In his book “Beginning to Pray” Orthodox Archbishop Anthony Bloom shares a little story about Moses from Hebrew folklore:
Moses finds a shepherd in the desert. He spends the day with the shepherd and helps him milk his ewes, and at the end of the day he sees that the shepherd puts the best milk he has into a bowl, which he places on a flat stone some distance away. So Moses asks him what it is for, and the shepherd replies, “This is God’s milk.” Moses is puzzled and asks him what he means. The shepherd says, “I always take the best milk I possess, and I bring it as an offering to God.”
Moses, who is far more sophisticated than the shepherd with his naive faith, asks, “And does God drink it?”
“Yes,” replies the shepherd, “he does.”
Then Moses feels compelled to enlighten the poor shepherd and he explains that God, being pure spirit, does not drink milk. Yet the shepherd is sure that he does, and so they have a short argument, which ends with Moses telling the shepherd to hide behind the bushes to find out whether in fact God does come to drink the milk.
Moses then goes out to pray in the desert. The shepherd hides, the night comes and in the moonlight the shepherd sees a little fox that comes trotting from the desert, looks right, looks left and heads straight toward the milk, which he laps up, and disappears into the desert again.
The next morning Moses finds the shepherd quite depressed and downcast. “What’s the matter?” he asks.
The shepherd says “You were right. God is pure spirit, and he doesn’t want my milk.” Moses is surprised. He says, “You should be happy. You know more about God than you did before.”
“Yes, I do,” says the shepherd, “but the only thing I could do to express my love for him has been taken away from me.”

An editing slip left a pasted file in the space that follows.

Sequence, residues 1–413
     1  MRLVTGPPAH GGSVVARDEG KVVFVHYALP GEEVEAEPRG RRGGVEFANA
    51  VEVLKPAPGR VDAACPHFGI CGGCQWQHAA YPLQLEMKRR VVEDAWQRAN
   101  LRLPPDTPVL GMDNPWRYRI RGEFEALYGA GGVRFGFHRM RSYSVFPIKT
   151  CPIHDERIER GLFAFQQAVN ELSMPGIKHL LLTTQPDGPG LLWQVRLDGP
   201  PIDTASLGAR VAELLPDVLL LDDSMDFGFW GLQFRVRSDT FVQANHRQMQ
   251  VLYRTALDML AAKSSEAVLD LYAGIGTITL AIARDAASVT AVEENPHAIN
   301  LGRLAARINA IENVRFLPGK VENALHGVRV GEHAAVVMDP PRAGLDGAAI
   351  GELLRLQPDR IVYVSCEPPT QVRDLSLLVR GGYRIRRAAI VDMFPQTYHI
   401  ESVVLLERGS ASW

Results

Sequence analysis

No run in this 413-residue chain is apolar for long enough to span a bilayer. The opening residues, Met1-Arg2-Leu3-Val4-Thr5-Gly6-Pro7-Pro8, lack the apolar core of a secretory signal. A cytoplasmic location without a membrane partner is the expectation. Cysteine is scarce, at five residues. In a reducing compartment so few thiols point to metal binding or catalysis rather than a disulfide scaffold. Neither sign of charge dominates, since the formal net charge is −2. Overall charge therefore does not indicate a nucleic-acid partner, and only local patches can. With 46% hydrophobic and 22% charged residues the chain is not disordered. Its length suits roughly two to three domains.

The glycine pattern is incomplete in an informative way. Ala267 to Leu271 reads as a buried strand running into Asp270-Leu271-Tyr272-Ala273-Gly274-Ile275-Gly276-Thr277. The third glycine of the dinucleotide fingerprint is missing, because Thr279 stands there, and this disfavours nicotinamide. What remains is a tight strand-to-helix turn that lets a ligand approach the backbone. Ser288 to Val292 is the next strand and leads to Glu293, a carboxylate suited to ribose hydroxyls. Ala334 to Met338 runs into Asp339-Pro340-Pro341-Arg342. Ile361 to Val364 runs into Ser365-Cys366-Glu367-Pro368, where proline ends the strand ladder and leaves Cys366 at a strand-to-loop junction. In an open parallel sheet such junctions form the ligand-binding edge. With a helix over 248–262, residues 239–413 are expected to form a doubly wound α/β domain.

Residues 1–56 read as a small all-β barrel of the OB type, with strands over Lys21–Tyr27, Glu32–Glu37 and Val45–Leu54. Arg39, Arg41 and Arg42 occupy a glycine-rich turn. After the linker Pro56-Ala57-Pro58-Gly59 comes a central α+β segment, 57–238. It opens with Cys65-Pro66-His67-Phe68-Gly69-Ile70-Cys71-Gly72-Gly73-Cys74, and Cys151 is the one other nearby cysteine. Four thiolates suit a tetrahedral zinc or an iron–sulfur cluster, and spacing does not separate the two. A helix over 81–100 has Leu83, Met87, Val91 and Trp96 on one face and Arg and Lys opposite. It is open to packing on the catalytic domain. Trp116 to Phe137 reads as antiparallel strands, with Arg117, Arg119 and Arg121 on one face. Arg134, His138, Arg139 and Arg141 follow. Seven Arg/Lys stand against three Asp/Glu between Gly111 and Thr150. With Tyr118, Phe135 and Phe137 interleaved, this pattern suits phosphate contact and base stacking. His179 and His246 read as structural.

Moses sees the point. He retires into the desert and prays hard. In the night, in a vision, God speaks to him and says, “Moses, you were wrong. It is true that I am pure spirit. Nevertheless, I always accepted with gratitude the milk which the shepherd offered me as the expression of his love, but since, being pure spirit, I do not need the milk, I shared it with this little fox, who is very fond of milk.”
In his new encyclical, “Fratelli Tutti”, Pope Francis dedicates a few sentences to the relationship between truth and charity (#184). Charity needs the light of truth (both the light of reason and the light of faith) in order to not be boxed-in and stymied to mere personal feeling and inclination. Truth, we learn from the Hebrew folk story, needs charity in order to avoid the danger of a cold calculation and manipulation that often wounds the little and the most vulnerable.
In this Sunday’s gospel (Mt. 22:1-14) we have the strange scene of the king at a wedding feast for his son – a feast where all sorts of people were brought in because the originally invited guests refused to come – casting out a guest found not wearing a wedding garment. In light of the little folk story and in light of Pope Francis’ reflection on truth and charity could the wedding garment found lacking be charity?
The wedding guest had the truth that he was invited to the banquet. “Go out,” said the king to his servants, “into the main roads and invite to the feast whomever you find.” So, the man had this going for him; yet, it seems the man lacked the charity born of an honest and humble relationship with God. Paul alludes to his own wedding garment of charity when, in the second reading (Phil. 4:12-14, 19-20) he writes, “I can do all things in him who strengthens me. Still, it was kind of you to share in my distress.” Paul is not boasting in his own truth here but humbly expressing his gratitude both for God’s grace and for the love and care of his brothers and sisters. Truth without charity will often boast that its isolation is a sign of its rightness and strength and because of this it cannot honestly enter a banquet with others. The king knew this. Truth and charity can celebrate in the banquet because – when the two are humbly held together – it is recognized that all is pure gift. That both Moses and the humble shepherd are welcome and have a place in the banquet. “On this mountain the Lord of hosts will provide for all peoples a feast of rich food and choice wines…”
We live in the graced truth of being invited to the banquet. May our wedding garment of charity always be found worthy.